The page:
For my observation, I chose to spend three hours examining the New York Public Library Digital Archive. The reason I chose this specific topic is because I have a lot of mixed feelings when it comes to digital archives. Personally, I prefer to examine an object or document first hand. The sensory aspect of coming into contact with a historic document or object is something that can’t be replicated virtually. However, the availability of partial or complete collections is a new aspect of library, museum and archive culture that is something to be admired. Many people don’t even realize the scope of an institution’s resources until they stumble upon it.
The largest pro of the NYPL is the extent of its content. Many of their collections have been digitize. On the homepage is an interactive set of information. Scrolling over some of the stats and the viewer is able to compile comparisons. For example the total sq. footage of the archive is the equivalent of forty-four Empire State Buildings. At the same time they provide the public with a working update of how many pages have been digitized. So far the NYPL archives have digitized 180,777 pages of their collections. While that isn’t much it is still Often researchers, students, or the general public have to make appointments in order to see a specific collection with supervision. With online archives patrons are able to browse collections unsupervised.
Another pro is the new beta linked data tool that creates connections between different aspects of various collections. This already is an invaluable tool not available at a physical archive. The only person able to make the connections is the archivist who has worked on the collection.
The comment section is really nice pro for the NYPL Digital Collections. Recently, I found out that the comments section was reviewed by staff members and what they found was extraordinary. One commenter stated that his grandfather was the man being lynched in a photo. The commenter wanted to donate other material of his grandfather to provide more depth about his grandfather’s life. Other comments provided supplemental information about other photos such as back story to stores or children in the photos (some of them were the children or lived in the subject places). Since the digital archive is relatively new, I hope that they will take this feature useful in a different department and incorporate it into their own.
The final pro I found particularly interesting is something that is shared between all archives. Online archives allows the public to access material that might be too fragile for physical access. A lot of the documents I examined where old and/ or in terrible condition. In this instance the New York Public Library archives created a sort of balance between the patron and the fragile thing.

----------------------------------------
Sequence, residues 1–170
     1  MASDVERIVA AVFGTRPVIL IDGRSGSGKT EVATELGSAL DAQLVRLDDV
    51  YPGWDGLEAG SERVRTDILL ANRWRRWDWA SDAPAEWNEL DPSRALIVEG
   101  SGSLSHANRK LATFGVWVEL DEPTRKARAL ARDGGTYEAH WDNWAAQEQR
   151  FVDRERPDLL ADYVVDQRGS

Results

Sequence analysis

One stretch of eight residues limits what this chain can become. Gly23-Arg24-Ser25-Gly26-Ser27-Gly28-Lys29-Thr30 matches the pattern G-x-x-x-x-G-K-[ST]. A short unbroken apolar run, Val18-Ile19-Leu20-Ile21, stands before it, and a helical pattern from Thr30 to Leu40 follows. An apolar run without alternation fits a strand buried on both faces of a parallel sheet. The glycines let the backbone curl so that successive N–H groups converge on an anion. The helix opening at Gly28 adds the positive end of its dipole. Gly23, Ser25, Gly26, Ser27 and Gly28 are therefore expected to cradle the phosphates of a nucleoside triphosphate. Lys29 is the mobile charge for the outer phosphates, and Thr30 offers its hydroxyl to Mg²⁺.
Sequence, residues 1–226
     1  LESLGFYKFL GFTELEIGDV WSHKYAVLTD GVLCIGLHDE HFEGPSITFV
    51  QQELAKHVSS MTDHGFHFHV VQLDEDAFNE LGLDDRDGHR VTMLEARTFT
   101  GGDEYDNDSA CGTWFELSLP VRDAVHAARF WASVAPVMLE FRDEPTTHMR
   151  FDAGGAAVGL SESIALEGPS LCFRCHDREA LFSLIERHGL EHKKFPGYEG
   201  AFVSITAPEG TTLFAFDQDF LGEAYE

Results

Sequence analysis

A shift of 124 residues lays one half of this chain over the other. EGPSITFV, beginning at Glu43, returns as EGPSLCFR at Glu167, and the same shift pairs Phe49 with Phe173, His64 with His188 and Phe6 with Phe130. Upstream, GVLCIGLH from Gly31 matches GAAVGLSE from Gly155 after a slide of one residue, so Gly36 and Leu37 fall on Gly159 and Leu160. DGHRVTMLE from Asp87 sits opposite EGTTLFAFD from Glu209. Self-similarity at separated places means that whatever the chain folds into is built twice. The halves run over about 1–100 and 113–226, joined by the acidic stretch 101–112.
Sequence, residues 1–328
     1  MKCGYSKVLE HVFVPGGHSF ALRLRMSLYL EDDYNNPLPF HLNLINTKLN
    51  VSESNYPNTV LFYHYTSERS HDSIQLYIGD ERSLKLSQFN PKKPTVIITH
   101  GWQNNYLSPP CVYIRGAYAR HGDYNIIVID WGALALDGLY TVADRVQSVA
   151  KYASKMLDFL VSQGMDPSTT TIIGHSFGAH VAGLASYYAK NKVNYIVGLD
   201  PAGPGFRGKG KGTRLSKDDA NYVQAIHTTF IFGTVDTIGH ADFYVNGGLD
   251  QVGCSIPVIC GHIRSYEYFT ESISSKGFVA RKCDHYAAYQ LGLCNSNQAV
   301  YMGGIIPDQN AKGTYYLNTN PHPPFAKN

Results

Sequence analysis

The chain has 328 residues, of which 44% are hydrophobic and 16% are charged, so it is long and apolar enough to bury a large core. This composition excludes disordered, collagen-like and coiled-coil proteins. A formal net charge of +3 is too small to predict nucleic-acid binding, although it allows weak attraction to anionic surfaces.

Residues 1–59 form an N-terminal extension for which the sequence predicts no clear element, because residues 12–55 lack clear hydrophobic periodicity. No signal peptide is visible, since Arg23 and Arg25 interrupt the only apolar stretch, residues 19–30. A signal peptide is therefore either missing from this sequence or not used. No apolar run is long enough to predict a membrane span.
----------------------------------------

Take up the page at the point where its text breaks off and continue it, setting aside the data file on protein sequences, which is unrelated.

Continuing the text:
The largest con I have against the NYPL archives is how they formatted the way you access the content. Often times I found myself circumvented to other areas I did not want to be in, such as the catalog. The developers assume patrons will be able to understand the layout and navigate it. That is extremely bothersome because online archives are a relatively new aspect and every archive designs their website differently. To assume that the patron will automatically understand places a great strain on the patron. If the patron becomes frustrated with the system, they won’t use it anymore.
Another con is the amount of control a patron has over what they see. With online archives patrons are only given access to what the archivist provides and how they provide them. With physical archives the patron has more access to different aspects of the document. Such as small marks that can not be clearly seen online because the resolution isn’t the best. Physical contact with an object allows the observer to notice details that might be obscured by pixelation. For example I wanted to look closer at some written note on a document on the NYPL archives and could barely read it because the image quality limited from seeing it. This is the example that I am referring too.
The last con I have against digital archives is the difference in experience a person feels when they come into contact with a historical document or object. This is particularly personal because as someone who deeply appreciates history, that experience of working with document or object that is part of a larger historical context has deep meaning for me. To not be able to feel the kind of paper, ridges or bumps or smell the ink, paper or whatever kind of material almost makes it hard for me to fully respect the object for document.
There a lot of aspects of digital archives that I enjoy and certainly the NYPL archives is an excellent example of a digital archive. However, there are certain aspects of traditional research that can’t be replicated in digital form. Throughout the entire observation, I kept in mind, Roy Rosenzweig’s, “Scarcity or Abundance? Preserving the Past in a Digital Era,” where he mentions the historian and their refusal to accept digital archives. While I have some reservations about digital archives and the authenticity of the archived object but I understand how important it is to make connections between works. That is one of the reason I appreciate NYPL archive’s linked data feature.